It’s All Coming Together: Reviewing ‘Captain America: Symbol Of Truth’ #4

by Scott Redmond


‘Captain America: Symbol of Truth’ begins to weave a variety of threads together as the heroes and villains are finally coming face to face, yet their overall plans still remain somewhat in the dark. This series is able to fantastically create a thrilling slow burning overall storyline because the focus on character moments and depth help propel this slick action-packed fun series along.


Things have been steadily building up, the plot of the villains and the actions of the heroes overlapping but staying in their own lanes through the first three issues of Captain America: Symbol of Truth. With the fourth issue though, all those paths are now not only coming together but are crashing together pretty explosively.

Within this issue Tochi Onyebuchi gives us a spin on a variety of typical situations that come in action/thriller stories of this sort, adding in twists and bits of his own alongside a lot of very relevant real-world situations/issues. We get the escape sequence/rescue moment for Juaquin Torres/Falcon, the failed spy attempt of Sam Wilson, the hero finally battling one of the villains, the subsequent villain starting to reveal the evil plan, and then the inevitable heroes clashing over the current situation.

It’s one of those issues where it simultaneously feels like a ton is happening but also not a ton is happening but it’s all relevant and reads swiftly. All while giving us more insight into various characters and the overall plot itself. Again, I like that while we learn far more here, we still are not being given every piece of White Wolf and Crossbones’ full plans, leaving some mystery for us to discover as it moves along. Onyebuchi makes the slow burn approach to plot work because so much of the time is spent on really great character and world-building alongside elements of the main plot.

As I stated in the last issue review, I appreciate that Sam and Joaquin are in separate places dealing with different situations rather than being tied together because of their partnership. Both are very capable in their own ways, Joaquin is much more of a seasoned hero thanks to years with the Champions and others in the years since he first met Sam, and have different paths to take. Granted, those paths were ones that were foreseen by White Wolf as he guided each of them to the places that he wanted them, as Crossbones reveals.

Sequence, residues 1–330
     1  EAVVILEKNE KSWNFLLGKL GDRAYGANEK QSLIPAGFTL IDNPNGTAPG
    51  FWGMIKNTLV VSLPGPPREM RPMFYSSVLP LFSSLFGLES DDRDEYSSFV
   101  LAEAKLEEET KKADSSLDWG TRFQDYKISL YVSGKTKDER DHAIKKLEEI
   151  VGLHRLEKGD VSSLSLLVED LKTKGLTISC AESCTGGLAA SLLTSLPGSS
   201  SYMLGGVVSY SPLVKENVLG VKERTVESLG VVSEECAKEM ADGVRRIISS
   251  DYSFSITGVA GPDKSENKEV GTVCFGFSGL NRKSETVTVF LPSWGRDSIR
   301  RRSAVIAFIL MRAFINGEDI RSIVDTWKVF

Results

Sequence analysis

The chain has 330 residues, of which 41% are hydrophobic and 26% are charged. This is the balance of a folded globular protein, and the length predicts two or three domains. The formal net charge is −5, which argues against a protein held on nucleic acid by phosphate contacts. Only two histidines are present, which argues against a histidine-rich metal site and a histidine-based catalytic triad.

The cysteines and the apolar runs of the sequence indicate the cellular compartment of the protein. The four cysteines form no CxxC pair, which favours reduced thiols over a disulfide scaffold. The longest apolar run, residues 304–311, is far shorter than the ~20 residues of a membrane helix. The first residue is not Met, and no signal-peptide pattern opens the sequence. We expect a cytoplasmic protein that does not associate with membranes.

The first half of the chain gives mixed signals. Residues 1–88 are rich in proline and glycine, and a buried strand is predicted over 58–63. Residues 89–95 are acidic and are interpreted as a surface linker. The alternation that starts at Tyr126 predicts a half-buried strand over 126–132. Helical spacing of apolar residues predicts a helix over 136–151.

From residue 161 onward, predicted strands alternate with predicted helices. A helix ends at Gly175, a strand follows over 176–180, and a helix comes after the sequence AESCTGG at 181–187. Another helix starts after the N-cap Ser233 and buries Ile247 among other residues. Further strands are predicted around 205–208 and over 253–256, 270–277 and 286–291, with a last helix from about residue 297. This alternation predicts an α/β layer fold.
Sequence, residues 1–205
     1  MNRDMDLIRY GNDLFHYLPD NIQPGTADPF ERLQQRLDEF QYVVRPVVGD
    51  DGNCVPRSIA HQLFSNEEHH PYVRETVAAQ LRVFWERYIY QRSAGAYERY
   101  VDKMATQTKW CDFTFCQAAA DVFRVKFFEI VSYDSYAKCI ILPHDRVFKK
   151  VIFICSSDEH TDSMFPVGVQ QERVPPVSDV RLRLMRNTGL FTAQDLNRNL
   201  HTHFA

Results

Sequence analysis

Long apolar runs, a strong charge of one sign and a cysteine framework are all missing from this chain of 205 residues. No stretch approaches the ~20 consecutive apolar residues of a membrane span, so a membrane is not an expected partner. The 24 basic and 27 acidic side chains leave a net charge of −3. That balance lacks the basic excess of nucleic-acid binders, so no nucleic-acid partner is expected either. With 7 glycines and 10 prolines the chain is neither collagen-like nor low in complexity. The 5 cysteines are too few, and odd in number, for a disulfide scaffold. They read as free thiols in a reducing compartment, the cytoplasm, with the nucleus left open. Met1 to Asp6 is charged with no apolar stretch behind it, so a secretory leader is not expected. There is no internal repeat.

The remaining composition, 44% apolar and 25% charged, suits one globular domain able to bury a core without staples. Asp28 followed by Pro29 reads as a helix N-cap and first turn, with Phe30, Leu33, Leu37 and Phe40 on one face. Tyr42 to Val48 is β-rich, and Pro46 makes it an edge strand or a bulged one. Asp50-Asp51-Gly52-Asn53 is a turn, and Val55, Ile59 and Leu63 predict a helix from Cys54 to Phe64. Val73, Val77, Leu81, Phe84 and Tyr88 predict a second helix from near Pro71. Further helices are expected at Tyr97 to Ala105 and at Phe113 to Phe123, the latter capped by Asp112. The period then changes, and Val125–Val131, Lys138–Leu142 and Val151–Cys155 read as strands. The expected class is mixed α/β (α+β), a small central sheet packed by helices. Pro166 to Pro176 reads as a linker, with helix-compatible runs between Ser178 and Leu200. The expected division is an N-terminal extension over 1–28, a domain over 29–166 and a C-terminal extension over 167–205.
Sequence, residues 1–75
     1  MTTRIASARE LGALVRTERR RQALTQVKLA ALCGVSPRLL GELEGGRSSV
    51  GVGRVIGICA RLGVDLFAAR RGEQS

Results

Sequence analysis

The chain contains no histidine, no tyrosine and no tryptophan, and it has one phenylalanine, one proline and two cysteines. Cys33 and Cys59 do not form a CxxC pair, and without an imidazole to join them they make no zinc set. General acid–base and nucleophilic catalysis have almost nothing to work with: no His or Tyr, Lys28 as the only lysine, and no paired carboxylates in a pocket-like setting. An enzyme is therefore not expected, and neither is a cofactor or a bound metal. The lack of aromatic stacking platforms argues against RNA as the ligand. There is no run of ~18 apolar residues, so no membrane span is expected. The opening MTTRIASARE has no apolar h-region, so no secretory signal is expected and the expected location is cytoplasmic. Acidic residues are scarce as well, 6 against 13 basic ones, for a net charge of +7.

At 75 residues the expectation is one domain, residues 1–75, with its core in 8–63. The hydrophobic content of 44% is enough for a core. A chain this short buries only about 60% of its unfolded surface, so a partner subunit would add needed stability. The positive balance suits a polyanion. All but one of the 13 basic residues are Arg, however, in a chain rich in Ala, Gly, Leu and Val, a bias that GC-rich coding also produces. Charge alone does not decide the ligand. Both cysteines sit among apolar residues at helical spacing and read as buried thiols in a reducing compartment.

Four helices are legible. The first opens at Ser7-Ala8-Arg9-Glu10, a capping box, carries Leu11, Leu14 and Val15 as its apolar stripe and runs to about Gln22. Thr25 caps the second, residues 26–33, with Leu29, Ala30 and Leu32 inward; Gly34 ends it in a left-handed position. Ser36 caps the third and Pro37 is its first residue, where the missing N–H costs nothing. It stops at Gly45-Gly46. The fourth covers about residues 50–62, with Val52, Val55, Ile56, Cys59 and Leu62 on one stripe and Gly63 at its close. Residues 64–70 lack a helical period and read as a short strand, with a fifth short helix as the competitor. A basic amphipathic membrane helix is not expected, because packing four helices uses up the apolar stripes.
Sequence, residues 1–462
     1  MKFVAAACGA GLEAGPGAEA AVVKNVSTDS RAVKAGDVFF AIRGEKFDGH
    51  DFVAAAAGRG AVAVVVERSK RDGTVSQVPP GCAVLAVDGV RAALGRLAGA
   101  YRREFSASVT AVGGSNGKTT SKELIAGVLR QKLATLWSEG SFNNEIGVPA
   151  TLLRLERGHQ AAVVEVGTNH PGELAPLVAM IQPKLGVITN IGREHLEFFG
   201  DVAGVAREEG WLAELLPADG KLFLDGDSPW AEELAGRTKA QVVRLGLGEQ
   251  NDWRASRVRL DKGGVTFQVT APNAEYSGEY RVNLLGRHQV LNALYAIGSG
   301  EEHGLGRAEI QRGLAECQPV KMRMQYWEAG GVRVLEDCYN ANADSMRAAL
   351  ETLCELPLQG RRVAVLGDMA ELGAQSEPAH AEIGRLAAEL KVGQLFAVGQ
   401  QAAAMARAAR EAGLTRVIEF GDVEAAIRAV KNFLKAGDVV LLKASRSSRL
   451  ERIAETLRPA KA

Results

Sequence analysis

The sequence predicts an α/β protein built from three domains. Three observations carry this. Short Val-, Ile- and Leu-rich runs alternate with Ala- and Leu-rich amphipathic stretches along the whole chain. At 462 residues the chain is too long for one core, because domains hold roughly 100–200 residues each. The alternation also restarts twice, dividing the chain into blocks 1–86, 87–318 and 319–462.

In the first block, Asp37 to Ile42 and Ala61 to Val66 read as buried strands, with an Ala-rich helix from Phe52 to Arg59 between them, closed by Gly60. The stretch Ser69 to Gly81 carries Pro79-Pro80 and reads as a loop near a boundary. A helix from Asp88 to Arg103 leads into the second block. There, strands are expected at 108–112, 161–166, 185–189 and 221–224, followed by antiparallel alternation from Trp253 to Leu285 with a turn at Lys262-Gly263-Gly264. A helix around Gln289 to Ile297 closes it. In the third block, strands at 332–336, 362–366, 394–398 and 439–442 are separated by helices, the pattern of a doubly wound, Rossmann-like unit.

Once more we have a combination of work from R.B. Silva and Zé Carlos within the issue with Jesus Aburtov handling the coloring still. Carlos and Silva’s styles are on the surface different but similar enough that it’s not jarring and doesn’t really take the reader out of the issue like some artist jams can end up doing because of very different styles. Having Silva handle the Sam/Wakanda/Crossbones scenes and Carlos doing the Falcon scenes helps with this, as each section has its own look and feel.

Unlike the last issue where the action levels were low, we get some fun action sequences with Sam and Crossbones coming to blows and the escape/rescue happening with Joaquin. Both artists have the ability to infuse their work with smooth kinetic energy as the action flows through the page, while also really nailing the more emotional/character beats that are needed. Also, I would love to see Silva get to regularly handle someplace like Wakanda because those pages were just utterly gorgeous and did so much justice to that advanced and beautiful city.

Whichever sequence one points at, Aburtov makes them look bright and colorful while also bringing in all the more neutral and realistic sort of world element colors. Both bits of coloring share so much in common, yet there are minor differences that he brings to each page to fit the style of the particular artist. In the Wakanda/Sam pages they have a bit of lightness and toned-down nature while still being bright/slick, and in the Joaquin pages, they are a bit more saturated and heavier in some ways.

A veteran letterer like Joe Caramagna brings a lot to any series they work on, making it seem easy to have the dialogue flow through the pages in the best way possible. At the same time, making sure that every bit of emotion or personality is coming through, and that we’re able to read it in a way that we can perfectly ‘hear’ precisely how the character might be speaking at any given moment (louder, softer, etc).

Captain America: Symbol of Truth #4 is now available.

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